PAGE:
Friday, March 7, 2014

Audacious Idea Part 2

Audacious Idea #2:

      Dismantle the banking system.

 The entire financial system exists on the idea of banks providing capital for investment, and in return, charging interest rates for profit.  It seems reasonable that they would do so, but when you combine interest rates with controlled inflation, it's easy to recognize that no country can ever really escape the debt trap.  Canada racks up about 1000 dollars of debt every second in interest - money that is in no way representative of tangible products or even more intangible services or information.  Inflation by its very nature violates the laws of information - not dissimilar to those of thermodynamics - that information can never be created nor destroyed, only changed.

     My audacious idea is mass-crowdsourcing and the elimination of debt and inflation.  The concept of crowdsourcing is the principle of what a bank is supposed to do (collecting money from a bunch of people and lending it to those that need it) - but of course, that principle falls short when banks are allowed to collude with others in the industry, in the form of huge banking cartels (the Federal Reserve), and insurmountable piles of debt.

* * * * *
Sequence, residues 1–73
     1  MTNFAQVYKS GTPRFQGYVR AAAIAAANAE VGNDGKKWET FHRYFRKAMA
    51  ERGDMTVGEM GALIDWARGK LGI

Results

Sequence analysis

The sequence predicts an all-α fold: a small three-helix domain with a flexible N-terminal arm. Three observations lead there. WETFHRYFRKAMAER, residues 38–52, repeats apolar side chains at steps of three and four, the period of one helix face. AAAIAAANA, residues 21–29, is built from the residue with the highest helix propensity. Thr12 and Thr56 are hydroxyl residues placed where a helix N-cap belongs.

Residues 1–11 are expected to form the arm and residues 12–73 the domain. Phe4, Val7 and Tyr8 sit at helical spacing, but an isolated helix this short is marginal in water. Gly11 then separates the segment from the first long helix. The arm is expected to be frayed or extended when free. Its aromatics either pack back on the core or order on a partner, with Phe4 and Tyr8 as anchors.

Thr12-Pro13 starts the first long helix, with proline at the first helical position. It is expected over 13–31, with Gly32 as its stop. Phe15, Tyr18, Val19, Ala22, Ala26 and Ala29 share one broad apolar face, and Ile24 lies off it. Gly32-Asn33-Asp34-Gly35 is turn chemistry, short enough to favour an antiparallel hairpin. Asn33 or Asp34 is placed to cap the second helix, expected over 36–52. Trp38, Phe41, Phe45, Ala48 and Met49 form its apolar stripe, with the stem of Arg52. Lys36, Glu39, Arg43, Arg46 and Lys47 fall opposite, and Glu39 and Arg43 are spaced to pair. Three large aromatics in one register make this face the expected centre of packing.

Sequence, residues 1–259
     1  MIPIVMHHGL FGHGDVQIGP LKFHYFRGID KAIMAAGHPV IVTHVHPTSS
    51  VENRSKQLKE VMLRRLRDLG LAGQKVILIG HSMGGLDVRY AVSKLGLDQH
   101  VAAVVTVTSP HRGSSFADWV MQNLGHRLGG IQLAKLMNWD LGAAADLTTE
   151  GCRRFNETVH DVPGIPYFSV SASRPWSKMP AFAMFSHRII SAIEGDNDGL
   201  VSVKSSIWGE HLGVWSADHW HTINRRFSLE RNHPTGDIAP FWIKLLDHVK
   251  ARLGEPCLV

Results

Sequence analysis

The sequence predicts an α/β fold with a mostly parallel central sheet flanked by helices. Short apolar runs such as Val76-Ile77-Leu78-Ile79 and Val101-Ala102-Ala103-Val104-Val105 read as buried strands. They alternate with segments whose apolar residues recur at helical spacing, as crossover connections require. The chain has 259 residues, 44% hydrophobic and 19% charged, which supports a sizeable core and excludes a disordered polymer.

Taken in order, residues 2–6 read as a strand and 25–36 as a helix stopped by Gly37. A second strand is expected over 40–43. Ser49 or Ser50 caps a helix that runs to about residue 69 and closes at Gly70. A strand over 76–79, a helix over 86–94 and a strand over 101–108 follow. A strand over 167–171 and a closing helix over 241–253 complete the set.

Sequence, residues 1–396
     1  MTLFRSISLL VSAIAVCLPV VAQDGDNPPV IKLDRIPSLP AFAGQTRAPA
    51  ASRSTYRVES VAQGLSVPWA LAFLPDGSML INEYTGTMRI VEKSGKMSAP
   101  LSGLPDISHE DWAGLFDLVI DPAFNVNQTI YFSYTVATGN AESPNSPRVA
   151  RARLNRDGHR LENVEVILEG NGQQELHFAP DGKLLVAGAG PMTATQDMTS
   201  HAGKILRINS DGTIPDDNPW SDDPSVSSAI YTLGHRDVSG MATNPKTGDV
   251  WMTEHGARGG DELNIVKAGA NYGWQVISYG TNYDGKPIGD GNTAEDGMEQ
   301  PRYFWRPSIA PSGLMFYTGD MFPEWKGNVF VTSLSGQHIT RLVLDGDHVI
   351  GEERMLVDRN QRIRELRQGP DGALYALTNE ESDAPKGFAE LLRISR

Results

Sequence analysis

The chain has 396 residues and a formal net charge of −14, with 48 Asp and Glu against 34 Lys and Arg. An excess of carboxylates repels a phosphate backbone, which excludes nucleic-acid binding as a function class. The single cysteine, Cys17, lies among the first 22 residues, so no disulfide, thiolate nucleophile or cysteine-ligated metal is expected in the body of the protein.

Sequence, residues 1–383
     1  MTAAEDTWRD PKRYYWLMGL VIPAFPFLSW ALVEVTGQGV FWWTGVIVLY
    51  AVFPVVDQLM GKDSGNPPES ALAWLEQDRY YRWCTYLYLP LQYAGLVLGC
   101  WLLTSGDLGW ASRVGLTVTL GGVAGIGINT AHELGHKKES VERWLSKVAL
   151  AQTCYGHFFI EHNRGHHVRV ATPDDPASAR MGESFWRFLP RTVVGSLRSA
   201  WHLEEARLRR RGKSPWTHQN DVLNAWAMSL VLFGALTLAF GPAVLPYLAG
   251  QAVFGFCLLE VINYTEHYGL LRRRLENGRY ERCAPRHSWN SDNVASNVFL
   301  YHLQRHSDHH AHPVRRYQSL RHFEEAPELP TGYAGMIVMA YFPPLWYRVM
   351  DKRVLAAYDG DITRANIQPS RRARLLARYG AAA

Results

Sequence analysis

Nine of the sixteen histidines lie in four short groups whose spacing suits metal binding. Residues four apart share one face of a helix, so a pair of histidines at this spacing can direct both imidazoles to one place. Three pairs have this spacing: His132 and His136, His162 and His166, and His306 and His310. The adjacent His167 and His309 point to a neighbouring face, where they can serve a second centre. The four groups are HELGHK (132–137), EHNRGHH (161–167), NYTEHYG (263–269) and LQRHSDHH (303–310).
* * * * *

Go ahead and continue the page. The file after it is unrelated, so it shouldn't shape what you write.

Under the mass-crowdfunding platform, there are no interest rates, but instead mass shareholding.  Let's say for example, in the city I'm from, London, Ontario - we wanted to build a state of the art vertical farm.  First you'd need a massive loan to pay for the land, the consultation and engineering contracts, the city inspectors, and so on.  It would cost millions.  But if everyone in the city gave 5 dollars, and we used the pool of academics from the local University for design and consult; it could be done without a massive loan, and pointless interest rates which give nothing back.

In exchange for the small contribution, access to the facility could be made.  People could get food proportionate to their contribution - and not only that - people should be able to work for this institution if they want - in exchange for food.

This is a simplified example of how mass crowdfunding not only provides the capital required for creating new ventures, but also fosters a sense of community lost in the digital duality we currently live in.

The financial hegemony begets old-boy hierarchies, and revolving doors - it's not hard to see that, with five generations of Goldman Sachs Secretaries of Treasury - or the insanely inefficient building inspection in my own city (a small renovation can cost an average homeowner thousands of dollars).